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Keep an Eye on OPS
by Scott Spreitzer - 04/25/2007
Studying team on base percentages in major league baseball has always been a valuable handicapping tool. It could turn out to be more true this year than in recent seasons because of developments in the sport.
You've probably noticed that scoring is down this season. Many pundits are attributing that to cold weather across the nation. That's certainly an influence. But there are also some who feel that part of the reason may in fact be that drug testing and the threat of law enforcement have taken human growth ingredients out of the game. Steroids are being tested for aggressively. And, you'll recall that the feds arrested an Arizona Diamondbacks player last year for involvement with materials that couldn't be tested for. That scared a lot of players who thought they had beaten the system.
If the sport really is finally clean, that means we're going to see a different brand of baseball in 2007 than we've gotten used to the last decade. Home runs will be down (which they are already for everyone except A-Rod!). Total scoring will be down. And, one-run strategies like bunting, base stealing, and the hit-and-run will come back into fashion. We're going to see pitcher's duels instead of fireworks shows as a general rule.
Now, I'm not saying we're going back to the 1960s or anything. The following factors will prevent that from happening:
*The number of bandbox parks that have been built
*The fact that some teams just don't have any pitching depth
*The fact that an emphasis on pitch counts gives more innings to the bullpen
This won't be an era of nothing but 3-2 games. But it's going to feel that way when the weather isn't cooperating (cold air or the wind is blowing in), or with certain umpires.
As a result, handicappers have to pay particular attention to the teams who can, or can't get runners on base. The "stathead" industry has come to the conclusion in past seasons that on base percentage was more important than slugging percentage even during the power era. The more guys you got on base, the more scored when somebody went deep. Now, it's more about creating a merry-go-round approach that gives teams multiple opportunities to scratch across a run. On base percentage could turn out to be even more important during the "clean" years than it was during the "dirty" years.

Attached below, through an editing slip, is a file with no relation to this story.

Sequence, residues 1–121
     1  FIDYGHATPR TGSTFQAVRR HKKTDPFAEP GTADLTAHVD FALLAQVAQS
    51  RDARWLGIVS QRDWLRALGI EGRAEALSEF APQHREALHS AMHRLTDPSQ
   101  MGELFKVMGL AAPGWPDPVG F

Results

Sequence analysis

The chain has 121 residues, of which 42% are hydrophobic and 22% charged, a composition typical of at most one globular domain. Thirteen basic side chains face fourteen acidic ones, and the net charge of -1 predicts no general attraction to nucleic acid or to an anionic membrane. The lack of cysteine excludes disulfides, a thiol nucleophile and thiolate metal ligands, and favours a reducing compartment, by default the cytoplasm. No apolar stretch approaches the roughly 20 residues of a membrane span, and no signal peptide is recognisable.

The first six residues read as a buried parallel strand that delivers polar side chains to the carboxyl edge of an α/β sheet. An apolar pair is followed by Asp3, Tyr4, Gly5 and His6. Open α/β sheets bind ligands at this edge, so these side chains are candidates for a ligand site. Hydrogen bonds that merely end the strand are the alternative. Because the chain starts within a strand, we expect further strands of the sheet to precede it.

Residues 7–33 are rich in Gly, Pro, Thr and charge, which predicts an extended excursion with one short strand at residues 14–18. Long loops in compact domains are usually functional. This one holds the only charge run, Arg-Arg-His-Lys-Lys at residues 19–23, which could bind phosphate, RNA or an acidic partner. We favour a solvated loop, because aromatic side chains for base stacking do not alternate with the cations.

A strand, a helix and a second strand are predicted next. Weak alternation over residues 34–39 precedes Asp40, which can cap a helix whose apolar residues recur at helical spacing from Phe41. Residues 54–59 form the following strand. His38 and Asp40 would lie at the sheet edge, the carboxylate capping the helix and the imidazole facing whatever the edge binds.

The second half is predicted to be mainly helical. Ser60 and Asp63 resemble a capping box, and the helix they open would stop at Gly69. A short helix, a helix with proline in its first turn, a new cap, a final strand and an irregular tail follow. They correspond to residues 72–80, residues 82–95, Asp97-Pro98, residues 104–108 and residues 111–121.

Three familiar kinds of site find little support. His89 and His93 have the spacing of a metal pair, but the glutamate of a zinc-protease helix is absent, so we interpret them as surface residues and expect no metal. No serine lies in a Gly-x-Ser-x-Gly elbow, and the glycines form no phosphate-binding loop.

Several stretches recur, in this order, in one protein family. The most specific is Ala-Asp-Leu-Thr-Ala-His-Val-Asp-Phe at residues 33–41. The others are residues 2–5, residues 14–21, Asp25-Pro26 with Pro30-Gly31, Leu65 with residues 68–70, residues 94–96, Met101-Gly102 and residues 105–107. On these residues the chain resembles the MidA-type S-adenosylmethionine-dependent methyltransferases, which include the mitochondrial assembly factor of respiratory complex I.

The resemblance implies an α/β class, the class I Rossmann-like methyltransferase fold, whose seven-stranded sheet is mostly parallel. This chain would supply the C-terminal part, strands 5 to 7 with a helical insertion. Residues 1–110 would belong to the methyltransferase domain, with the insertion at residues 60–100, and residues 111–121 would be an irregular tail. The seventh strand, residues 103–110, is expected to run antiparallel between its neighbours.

Don't forget that this will affect both sides and totals. You'll see in a moment that many teams who are getting runners on base are playing Overs, while those who can't are playing Unders.
I went through the league rankings in on base percentage heading into this prior weekend. Here's some of what I found:
*The New York Mets are tops in all of baseball in on base percentage. Once again, they look like they'll contend for a league championship.
*The New York Yankees were third in the majors in this stat. Their games are 10-4 (at the time of this writing) to the Over because a shorthanded pitching staff has created a lot of shootouts.
*Surprising Milwaukee is fourth in the majors, and has seen its games go 10-5-1 to the Over.
* Boston has been great at this stat since adopting the Bill James approach to baseball. The Sox won two-thirds of their first 15 games.
* Florida is in the top ten, and has seen its games go 11-5 to the Over.
*The Los Angeles Dodgers cracked the top ten, which is extrememly hard to do playing in the NL West's ballparks. They had the best record in all of baseball heading into the weekend. You'll see what a great offense this is when they get to play some games in bandbox parks!
* St. Louis is third worst in the majors, and has seen it's games go 4-11-1 to the Under to start the season.
*All of the following teams are in the bottom ten, and have been playing Unders: San Francisco (5-10 to the Under), Los Angeles Angels (4-11-1 to the Under), Detroit (5-10-1 to the Under), Oakland (4-11-1 to the Under), and Cincinnati (5-10-2) to the Under.
* Texas ranks dead last in the majors in on base percentage, and has struggled to a 6-10 start. The team is a woeful 2-7 on the road, largely because the hitters have no idea how to score runs when not playing in the friendly hitter's conditions in Arlington .
You can see what I mean about this stat influencing both sides and totals. Be sure you monitor it throughout the season. Because the 2007 campaign just started, you'll be able to beat the Vegas numbers for more than five months!
Even if the low scoring start to the season was just an aberration, and run totals will ignite when the weather warms up everywhere, you'll still want to monitor this stat. It's arguably the single most important factor in explaining what happens on the field on any given day. That's true in any kind of ballpark, and in any weather conditions!